Education Inequality in Times of Corona : BUMACO LTD

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Education Inequality in Times of Corona

by Bumaco LTD on 05/04/20

Lockdown has been introduced in many parts across the world due to corona virus. This has forced schools to shut down for unknown period of time in order to safeguard students from the pandemic. 

In Tanzania, as in many parts of the world, the first action against the corona was closure of schools. This was a good move. However, the shutdown of schools has and is exacerbating inequality.  Students from well-off families are  able to continue with studies via technology while deprived students have been left wondering.  This entry is going to address the inequality by trying to suggest means of covering the gap between well-offs and deprived students. A gap that is contributed by different social factors including the level of understanding and income.

Education is elitist hence can be oppressive as it produces classes within the society. Presently, this is becoming more evident when the world is in midst of a pandemic crisis. When schools are laid off the provision of education is left on household to maintain. Teaching at home is a dilemma for parents who do not have education as well as for those who do not see the importance of doing so. In addition, it can be very difficult for working people to find the daily bread and do the teaching. Given this situation, many are failing to provide education to their children. Although home teaching is a nightmare to some, there people who are fortunate enough to provide their children with online courses and appropriate guidance.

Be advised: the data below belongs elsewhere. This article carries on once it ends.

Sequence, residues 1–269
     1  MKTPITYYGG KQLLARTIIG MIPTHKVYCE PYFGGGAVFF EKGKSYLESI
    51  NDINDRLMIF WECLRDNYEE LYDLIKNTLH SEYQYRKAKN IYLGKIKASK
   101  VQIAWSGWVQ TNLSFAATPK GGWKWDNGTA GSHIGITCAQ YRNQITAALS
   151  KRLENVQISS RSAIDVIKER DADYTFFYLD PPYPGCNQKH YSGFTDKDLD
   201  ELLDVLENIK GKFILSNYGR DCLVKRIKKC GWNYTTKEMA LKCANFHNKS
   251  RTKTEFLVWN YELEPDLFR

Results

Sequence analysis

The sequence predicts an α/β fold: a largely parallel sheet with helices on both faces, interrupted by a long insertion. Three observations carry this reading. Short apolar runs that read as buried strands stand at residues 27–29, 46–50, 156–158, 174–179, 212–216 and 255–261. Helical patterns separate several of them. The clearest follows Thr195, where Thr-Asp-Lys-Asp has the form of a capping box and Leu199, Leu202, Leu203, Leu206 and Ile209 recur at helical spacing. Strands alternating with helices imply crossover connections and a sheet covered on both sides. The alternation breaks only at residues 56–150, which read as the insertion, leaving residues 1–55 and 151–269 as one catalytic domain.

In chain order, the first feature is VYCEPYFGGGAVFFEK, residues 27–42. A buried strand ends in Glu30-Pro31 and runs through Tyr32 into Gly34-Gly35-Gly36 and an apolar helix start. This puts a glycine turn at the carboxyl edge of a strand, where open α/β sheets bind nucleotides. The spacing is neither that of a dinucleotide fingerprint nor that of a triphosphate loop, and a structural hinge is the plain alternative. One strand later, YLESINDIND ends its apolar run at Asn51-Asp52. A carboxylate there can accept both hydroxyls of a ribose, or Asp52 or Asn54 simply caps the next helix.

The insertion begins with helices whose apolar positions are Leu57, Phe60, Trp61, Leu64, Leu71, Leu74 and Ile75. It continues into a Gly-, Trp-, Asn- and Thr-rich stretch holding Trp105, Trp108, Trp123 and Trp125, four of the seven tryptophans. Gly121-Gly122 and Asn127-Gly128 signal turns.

In his book, ‘Zen and the art of motorcycle maintenance’, Robert Pirsig emphasizes the importance of engagement as a necessity for excellence. When the quality of our education system is wrecked up with the pandemic, the best way is to engage different stakeholders to save the quality of education. The quality of education is measured by the ability of the receivers to live to their full potential through engagement, virtue and wisdom. Thus, during this pandemic, we can engage in the following ways to uphold our education system:

First, the schools can provide material to students. The school system can still be used for distributing study materials to their students or students within their locality. Teacher can develop study material and provide copies which parents and guardians can collect. This won’t solve the whole situation, but it will reduce the problem especially for students who are deprived by study material. The community and social institution such as Church organisations can help morally or financial in supporting the schools towards material provision. The use of school as intermediary for provision of study material will help to occupy the teachers and students can return their work to receive a written feedback from teachers.

In addition, the Ministry of Education can co-operate with newspapers to provide a section or couple of pages with study material.  The sections which includes study material can be provided free. This will create adequate supply of study material and it will also exploit the distribution channel of newspapers.

 When there is enough material supply in the country, it will ease penetrate and reduce the gap. Though this by itself won’t be enough to reach to the most in need but it will reach to a significant group of students who need such materials.

Lastly, we can exploit the power of big society ‘third pillar’ to ensure that education quality is maintained. This will be achieved if every member of the society participates in whatever means they can by engaging students around them. While engagement is crucial to ensure the quality of education, we should also bear in mind the health advice and precautions which are provided by experts. 

In these ways, we shall help students who are on risk of not returning to school because they would have been engaged with other life courses when the normal school routine resumes.

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